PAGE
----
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Alarming decision from the High Court

Tony Nicklinson wants doctors to be allowed to kill disabled people. The High Court's decision that the case can proceed is very frightening indeed for them.  However sympathetic one might be to Mr. Nicklinson, his is a very rare condition.  Hard cases do make bad law.  The media, especially the BBC, repeatedly show us the same very few sufferers who want the law changed, but in fact the overwhelming majority of disabled people are opposed to any lessening of the law which at present protects them.

Mr. Nicklinson's demands go further than those at present made by Lord Falconer's discredited "commission", or by Dignity in Dying, though before they changed their name from the Voluntary Euthanasia Society, Dignity in Dying promoted similar and even more extreme ideas.  He is not terminally ill, nor able to commit suicide even with help.  It is not the Suicide Act 1961 but the Murder Act 1965 which he wishes to subvert.

It is difficult to see how the common law defence of "necessity", which is sometimes applicable if killing one person is the only way to save another, can be thought to apply.  One possible parallel is the case of the conjoined twins, one of whom was deliberately killed to allow the other to live.  The ProLife Alliance pointed out at the time that once the principle that it can never be right for a doctor (or anyone else) deliberately to take an innocent life, even with an apparently good motive, the door is open to further abuses.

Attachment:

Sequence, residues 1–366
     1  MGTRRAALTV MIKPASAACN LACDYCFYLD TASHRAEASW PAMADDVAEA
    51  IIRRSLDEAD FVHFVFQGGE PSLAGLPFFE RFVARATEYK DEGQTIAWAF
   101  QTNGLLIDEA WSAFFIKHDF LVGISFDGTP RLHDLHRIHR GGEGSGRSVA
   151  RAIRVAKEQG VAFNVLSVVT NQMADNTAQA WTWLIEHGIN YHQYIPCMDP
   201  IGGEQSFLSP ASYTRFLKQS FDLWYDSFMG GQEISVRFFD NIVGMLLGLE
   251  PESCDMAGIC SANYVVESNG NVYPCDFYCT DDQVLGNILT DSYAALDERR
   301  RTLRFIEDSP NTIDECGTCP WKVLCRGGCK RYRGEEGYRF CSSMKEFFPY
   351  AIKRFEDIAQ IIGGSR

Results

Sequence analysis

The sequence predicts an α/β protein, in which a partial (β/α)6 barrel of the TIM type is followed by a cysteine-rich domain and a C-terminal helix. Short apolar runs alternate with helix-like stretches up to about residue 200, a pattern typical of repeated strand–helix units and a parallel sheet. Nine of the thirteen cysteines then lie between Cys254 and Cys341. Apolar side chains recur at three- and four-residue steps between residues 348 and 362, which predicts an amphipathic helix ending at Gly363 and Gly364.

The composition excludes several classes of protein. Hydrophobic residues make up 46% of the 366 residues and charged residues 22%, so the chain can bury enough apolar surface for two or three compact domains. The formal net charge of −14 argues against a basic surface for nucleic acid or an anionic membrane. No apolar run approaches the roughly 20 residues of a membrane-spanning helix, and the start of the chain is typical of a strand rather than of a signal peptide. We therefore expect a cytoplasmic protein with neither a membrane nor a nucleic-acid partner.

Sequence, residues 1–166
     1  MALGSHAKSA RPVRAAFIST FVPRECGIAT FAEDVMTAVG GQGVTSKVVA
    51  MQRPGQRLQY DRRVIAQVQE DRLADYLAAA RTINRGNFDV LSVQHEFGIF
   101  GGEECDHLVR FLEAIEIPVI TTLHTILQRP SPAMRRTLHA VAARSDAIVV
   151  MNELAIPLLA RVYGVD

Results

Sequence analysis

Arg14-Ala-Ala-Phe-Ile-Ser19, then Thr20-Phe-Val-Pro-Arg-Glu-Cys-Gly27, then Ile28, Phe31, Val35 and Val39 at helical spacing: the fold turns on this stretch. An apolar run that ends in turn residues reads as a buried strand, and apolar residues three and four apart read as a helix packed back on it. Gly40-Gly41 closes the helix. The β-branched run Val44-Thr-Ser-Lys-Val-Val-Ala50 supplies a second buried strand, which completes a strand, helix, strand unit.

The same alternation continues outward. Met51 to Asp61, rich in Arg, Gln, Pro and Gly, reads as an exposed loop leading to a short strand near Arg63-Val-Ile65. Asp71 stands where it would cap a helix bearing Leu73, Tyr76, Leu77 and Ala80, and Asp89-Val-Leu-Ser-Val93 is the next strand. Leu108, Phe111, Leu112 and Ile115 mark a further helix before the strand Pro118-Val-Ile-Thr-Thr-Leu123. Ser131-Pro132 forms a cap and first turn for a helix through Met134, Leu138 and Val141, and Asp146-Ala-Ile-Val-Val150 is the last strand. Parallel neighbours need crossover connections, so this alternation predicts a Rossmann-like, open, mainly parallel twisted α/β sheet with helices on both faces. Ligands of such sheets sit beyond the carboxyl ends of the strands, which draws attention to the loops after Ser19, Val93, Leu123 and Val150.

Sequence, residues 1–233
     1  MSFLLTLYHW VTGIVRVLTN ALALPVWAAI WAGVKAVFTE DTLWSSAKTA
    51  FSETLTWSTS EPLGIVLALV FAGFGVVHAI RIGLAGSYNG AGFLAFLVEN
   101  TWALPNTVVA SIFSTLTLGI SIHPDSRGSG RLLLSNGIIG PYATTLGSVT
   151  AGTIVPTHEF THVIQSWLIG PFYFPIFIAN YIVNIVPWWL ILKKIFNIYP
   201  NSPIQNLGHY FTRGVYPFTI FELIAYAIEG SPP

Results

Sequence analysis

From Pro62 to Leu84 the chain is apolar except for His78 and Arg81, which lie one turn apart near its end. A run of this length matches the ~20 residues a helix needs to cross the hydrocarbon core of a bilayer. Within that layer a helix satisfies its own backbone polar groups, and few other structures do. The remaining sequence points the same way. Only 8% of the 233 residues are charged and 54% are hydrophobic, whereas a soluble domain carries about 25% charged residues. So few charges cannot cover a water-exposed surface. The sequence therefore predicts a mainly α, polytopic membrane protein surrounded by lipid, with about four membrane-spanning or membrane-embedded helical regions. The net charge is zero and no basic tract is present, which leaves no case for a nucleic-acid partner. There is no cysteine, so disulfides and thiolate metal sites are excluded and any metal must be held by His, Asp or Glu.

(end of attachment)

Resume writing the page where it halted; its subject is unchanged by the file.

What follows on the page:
His claim that he is bringing a court action because Parliament will not discuss the matter is simply inaccurate.  Euthanasia in various forms has been exhaustively discussed by politicians, who have clearly seen the dangers and voted against weakening the law.

Mr. Nicklinson describes his life as "dull, miserable, demeaning, undignified and intolerable" but he does not wish to die immediately.

Others who are just as disabled take a less pessimistic view and are glad to be living even in difficult circumstances.

We must hope that when the case is tried, the courts will continue to protect the vulnerable.  The Daily Telegraph are carrying out a poll on assisted dying.  Please can we urge readers to vote in favour of life and the protection of the disabled.